Kashmir floods cut off mother from her children

Representational image for the story. Woman offering water to a girl during floods in Kashmir. Photograph by Shahid Tantray

It has been four days since Shabina Khan, a single mother of two, last spoke to her children she had left alone at home in Kursoo Rajbagh locality of Srinagar, before flying to New Delhi for work, a day before massive floods submerged most parts of the city in Kashmir valley.

On Friday, Sakina, had come to Delhi and was planning to return home immediately. She had spoken to her kids, Sahil (17) and Shamima (19) over the phone on Saturday afternoon, but since she hasn’t heard from them as much of the communication lines to the Valley are down due to devastating floods caused by incessant rains over the last week. The floods have been described as worst in almost a century witnessed in Jammu and Kashmir.

“I can’t go back to my home now, it’s probably under water. I don’t know what to do or where to go. I shouldn’t have come in the first place,” she says, agonizingly worried about the safety of her children.

Over 200 people are feared to be dead but the exact scale of destruction could be even worse. Parts of South Kashmir and Central Kashmir are completely cut-off. There is also shortage of food essential and medical supplies as major roads and bridges connecting the region with the rest of the areas have been badly damaged by landslides.

Shabina and many others, who have lost contact with friends and families, have been visiting the helpline desk setup at Jammu and Kashmir House in New Delhi to get some information regarding the safety of their loved ones but there is not much they can find out. Although there are rescue operations being carried out by the Army and self-help groups in most parts of the Srinagar and other parts of the valley, but thousands are still stranded on roof tops waiting for help.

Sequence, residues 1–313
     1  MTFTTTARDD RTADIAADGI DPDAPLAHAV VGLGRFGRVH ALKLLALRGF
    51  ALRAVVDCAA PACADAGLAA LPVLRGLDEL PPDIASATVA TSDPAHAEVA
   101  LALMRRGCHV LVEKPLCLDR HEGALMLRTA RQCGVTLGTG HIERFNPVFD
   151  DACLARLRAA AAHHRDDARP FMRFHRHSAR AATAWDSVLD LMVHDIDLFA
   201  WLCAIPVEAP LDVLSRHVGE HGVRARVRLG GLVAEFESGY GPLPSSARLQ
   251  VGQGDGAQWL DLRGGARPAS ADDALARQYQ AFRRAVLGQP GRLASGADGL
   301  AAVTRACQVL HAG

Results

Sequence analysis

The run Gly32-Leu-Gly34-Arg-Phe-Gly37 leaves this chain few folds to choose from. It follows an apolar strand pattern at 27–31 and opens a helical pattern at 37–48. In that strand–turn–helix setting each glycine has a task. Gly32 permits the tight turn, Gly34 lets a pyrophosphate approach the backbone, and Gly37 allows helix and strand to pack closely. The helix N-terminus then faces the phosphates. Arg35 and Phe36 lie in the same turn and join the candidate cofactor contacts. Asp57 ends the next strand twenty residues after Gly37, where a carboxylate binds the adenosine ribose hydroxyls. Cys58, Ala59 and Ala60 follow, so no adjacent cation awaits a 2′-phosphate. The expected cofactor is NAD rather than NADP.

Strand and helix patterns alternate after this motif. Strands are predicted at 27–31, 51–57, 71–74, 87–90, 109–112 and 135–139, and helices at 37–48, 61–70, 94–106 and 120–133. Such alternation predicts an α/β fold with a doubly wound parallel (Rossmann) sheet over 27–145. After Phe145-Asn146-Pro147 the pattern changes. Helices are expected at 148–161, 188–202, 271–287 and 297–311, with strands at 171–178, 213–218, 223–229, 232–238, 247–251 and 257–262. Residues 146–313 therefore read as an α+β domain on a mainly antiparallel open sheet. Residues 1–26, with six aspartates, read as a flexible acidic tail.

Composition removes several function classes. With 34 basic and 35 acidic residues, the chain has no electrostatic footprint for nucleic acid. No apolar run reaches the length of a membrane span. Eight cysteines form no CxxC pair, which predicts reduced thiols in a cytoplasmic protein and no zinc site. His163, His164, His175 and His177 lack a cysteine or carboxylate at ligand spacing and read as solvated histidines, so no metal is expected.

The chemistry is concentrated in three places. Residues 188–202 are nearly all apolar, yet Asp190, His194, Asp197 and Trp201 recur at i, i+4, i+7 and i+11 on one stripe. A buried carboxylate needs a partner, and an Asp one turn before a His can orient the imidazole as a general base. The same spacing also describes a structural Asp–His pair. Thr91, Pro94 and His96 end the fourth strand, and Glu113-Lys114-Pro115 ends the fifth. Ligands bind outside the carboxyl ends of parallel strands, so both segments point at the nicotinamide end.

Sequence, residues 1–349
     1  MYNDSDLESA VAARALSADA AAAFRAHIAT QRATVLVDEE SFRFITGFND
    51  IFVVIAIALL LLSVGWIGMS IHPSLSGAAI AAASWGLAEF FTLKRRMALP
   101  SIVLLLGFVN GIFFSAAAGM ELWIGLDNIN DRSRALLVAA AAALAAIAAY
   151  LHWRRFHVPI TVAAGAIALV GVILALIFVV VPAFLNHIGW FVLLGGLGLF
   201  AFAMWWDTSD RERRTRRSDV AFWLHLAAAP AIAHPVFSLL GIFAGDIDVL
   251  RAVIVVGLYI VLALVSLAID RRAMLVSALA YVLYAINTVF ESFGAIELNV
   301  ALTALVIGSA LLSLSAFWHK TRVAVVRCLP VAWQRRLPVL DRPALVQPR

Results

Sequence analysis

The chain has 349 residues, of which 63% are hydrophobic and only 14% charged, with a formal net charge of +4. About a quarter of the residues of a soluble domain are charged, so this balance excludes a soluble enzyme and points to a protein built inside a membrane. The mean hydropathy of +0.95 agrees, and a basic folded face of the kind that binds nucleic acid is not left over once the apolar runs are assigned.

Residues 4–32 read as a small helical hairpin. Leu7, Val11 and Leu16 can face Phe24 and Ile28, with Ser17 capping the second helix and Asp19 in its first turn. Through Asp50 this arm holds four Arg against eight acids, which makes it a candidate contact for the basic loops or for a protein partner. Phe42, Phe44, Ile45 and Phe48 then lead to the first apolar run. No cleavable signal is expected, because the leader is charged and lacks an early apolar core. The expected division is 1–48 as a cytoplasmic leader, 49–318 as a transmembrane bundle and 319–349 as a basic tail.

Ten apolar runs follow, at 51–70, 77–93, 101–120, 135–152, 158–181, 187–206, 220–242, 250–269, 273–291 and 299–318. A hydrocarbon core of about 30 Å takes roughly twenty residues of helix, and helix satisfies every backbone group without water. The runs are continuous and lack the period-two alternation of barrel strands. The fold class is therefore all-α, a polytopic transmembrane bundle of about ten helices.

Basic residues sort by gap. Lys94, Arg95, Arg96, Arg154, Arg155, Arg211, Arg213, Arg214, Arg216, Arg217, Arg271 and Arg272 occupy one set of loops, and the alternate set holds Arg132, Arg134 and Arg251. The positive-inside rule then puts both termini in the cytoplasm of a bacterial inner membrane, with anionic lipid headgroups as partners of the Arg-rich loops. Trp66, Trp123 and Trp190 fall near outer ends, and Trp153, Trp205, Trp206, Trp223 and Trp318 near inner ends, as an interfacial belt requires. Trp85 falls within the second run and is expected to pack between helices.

According to reports, more than 45,000 people have been rescued so far but inability to contact family members has created panic among people outside the state, who are worried about their well being.

Ajay, a networking professional in Delhi, has been able to make contact now and then with his parents, who work in Srinagar. Last time he spoke to them, his father told him they were safe but situation still remains grim. For Shabina, however, there is no immediate relief. All she can hope for now, is that her children made it safely to her brother’s house in Batamaloo area of the city, before flood waters from Jhelum river rampaged through most parts of the city.

While there has been some respite from the weather over the last two days, but lack of boats and other equipments has led to delays in rescue operations. People have been stuck for days now, without food and drinking water. More than 350 villages are submerged by floods, forcing thousands to leave towards safe grounds.

The government is battling hard to provide relief to all the flood victims but the extent of the devastation caused by the floods has caught the administration off-guard and unprepared. However, self-help groups and voluntary organization in Delhi and other parts of the country have come forward to provide relief to the flood victims.

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